- 62.70 percent (UK)
What are the right tools?
Shifting from mostly on-site to fully remote, however, is considerably more complicated than just sending employees home with laptops. As PeopleG2 CEO Chris Dyer explains, it also requires significant shifts in management practices and communication methods.
“You can have the best technology in the world. But if you don’t provide employees with resources to help them make the adjustment, they won’t use it,” says Kimmel.
And this includes things like sharing tips on setting up a home office and providing flexible schedules to accommodate family responsibilities. Leveraging video conferencing and chat apps to drive richer communications.
Collaborative team meetings should be the norm so everyone is on the same page and there’s plenty of transparency. Otherwise, Dyer says, it’s too easy to become siloed, which only causes confusion and negatively affects workflow.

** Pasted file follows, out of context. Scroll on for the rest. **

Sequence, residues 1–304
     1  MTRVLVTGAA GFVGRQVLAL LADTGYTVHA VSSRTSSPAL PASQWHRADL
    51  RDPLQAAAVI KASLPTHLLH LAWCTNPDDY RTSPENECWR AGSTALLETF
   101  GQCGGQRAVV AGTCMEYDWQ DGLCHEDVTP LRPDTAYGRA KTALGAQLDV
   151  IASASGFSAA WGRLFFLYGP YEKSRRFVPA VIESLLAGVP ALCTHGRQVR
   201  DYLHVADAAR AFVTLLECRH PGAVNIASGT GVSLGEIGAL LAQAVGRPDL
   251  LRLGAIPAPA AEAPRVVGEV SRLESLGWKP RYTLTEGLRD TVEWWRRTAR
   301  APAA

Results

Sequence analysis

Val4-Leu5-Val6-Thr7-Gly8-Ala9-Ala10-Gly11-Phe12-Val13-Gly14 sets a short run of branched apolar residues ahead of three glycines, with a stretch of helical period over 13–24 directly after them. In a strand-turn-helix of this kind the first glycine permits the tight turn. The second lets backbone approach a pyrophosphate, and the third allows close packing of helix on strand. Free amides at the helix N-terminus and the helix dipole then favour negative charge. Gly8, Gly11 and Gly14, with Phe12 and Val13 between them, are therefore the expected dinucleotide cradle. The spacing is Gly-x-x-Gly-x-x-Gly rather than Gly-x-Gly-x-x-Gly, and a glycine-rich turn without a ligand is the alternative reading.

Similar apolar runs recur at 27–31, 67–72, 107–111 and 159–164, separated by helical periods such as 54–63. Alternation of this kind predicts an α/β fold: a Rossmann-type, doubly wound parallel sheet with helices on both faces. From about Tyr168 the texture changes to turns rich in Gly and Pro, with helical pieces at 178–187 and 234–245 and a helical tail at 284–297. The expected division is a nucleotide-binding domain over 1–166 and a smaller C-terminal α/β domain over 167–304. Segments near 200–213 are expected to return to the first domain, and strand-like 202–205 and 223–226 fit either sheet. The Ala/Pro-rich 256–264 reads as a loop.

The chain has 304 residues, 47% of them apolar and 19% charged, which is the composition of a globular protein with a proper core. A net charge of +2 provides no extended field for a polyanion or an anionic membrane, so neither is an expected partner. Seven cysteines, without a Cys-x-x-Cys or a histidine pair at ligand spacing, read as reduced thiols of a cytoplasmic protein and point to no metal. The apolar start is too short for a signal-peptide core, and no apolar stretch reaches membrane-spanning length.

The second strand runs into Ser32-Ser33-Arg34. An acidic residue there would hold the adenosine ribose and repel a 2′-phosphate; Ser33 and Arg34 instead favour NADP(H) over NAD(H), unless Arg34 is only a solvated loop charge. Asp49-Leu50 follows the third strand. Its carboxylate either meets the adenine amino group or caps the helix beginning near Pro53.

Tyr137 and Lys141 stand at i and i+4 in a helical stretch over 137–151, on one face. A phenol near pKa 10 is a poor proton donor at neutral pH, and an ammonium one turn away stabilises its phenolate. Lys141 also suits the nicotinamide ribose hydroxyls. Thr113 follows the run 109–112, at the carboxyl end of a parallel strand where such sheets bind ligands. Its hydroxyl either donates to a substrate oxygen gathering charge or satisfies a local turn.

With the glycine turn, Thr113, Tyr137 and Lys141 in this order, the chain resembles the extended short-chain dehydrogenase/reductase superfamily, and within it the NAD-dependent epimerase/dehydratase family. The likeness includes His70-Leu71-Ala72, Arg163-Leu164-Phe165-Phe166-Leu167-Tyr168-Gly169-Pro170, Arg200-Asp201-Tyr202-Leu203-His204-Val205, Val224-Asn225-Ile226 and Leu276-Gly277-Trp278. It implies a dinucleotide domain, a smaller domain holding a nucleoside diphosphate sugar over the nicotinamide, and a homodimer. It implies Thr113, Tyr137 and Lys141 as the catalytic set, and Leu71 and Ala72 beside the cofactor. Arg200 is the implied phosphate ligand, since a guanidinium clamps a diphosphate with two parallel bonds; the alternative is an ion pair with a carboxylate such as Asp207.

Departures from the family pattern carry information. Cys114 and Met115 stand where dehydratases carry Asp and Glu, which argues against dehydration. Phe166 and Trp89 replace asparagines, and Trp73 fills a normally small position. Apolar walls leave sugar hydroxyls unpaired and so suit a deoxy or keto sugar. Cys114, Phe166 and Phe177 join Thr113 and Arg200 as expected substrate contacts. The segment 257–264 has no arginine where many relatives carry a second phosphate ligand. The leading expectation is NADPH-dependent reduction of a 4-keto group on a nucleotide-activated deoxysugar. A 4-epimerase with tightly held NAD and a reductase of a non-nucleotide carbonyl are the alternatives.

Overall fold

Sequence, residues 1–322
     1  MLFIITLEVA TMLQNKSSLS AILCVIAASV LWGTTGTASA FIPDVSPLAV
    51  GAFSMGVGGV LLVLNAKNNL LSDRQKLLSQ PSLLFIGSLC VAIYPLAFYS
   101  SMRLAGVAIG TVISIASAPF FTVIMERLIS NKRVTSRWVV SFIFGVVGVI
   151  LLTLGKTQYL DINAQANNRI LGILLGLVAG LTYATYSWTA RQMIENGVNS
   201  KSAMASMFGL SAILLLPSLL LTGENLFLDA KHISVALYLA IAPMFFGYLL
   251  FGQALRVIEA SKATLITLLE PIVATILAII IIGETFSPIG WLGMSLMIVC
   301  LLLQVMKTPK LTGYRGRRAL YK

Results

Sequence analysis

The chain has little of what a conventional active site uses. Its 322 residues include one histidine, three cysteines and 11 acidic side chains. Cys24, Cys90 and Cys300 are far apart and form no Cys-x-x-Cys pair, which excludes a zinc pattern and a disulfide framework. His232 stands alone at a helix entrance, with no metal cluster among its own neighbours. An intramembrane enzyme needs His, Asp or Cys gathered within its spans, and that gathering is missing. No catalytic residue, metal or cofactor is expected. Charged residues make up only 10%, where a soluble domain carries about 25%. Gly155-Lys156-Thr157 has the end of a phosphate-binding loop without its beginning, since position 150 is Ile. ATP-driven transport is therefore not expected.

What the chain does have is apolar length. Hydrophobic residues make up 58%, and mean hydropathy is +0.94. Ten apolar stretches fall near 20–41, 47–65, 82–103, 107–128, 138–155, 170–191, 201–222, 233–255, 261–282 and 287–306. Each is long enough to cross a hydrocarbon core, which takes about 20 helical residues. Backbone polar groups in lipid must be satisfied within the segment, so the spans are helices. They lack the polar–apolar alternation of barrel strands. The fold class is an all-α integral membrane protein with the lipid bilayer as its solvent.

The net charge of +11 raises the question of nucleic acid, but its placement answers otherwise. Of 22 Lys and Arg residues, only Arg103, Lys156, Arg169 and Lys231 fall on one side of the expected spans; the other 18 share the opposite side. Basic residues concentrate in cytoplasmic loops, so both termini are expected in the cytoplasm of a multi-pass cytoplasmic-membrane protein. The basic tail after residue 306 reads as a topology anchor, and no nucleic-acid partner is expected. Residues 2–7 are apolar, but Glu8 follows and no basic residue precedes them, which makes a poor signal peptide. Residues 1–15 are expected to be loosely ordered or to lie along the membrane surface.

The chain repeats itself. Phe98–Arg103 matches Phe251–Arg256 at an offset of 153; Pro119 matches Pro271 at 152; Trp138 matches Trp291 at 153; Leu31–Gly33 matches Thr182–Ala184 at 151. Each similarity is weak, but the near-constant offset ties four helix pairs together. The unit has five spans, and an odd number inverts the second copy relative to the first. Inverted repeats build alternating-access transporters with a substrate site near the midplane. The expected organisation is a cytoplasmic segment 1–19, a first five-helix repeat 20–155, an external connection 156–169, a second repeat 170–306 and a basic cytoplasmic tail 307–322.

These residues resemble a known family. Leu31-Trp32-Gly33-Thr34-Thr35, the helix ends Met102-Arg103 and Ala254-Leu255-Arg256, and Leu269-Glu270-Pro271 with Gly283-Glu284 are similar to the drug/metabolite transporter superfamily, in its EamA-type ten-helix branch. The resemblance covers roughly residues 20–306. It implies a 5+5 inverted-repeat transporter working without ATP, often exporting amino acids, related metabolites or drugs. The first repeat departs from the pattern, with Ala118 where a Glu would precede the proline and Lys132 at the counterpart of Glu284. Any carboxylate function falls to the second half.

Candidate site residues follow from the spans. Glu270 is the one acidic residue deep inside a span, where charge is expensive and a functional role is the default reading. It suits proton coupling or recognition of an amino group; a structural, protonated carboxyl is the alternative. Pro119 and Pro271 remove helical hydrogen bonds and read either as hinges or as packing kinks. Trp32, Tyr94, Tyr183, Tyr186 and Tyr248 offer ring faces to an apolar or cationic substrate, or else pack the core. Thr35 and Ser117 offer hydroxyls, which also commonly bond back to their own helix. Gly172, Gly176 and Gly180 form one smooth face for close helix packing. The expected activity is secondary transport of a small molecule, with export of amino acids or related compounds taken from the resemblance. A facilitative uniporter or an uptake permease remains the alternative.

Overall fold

As off-site employees become an increasingly common part of the corporate workforce, managers need to further develop and more strategically deploy so-called “soft skills” that bolster communication and increase levels of trust.
They will also need to ditch the antiquated notion that strict monitoring equals higher productivity.
Workers, too, bear no small amount of responsibility. Being more independent requires greater levels of proactivity (frequently updating managers about work challenges, what’s coming down the pipe, etc.), more polished interpersonal skills and a greater degree of empathy to compensate for the lack of physical proximity.
After all, body language and tone communicate volumes but are often absent or less obvious in emails, Slack messages and videoconferencing.
“Hosting virtual office hours where employees can drop in on their managers like they would if they were in a physical location to ask questions or just vent.”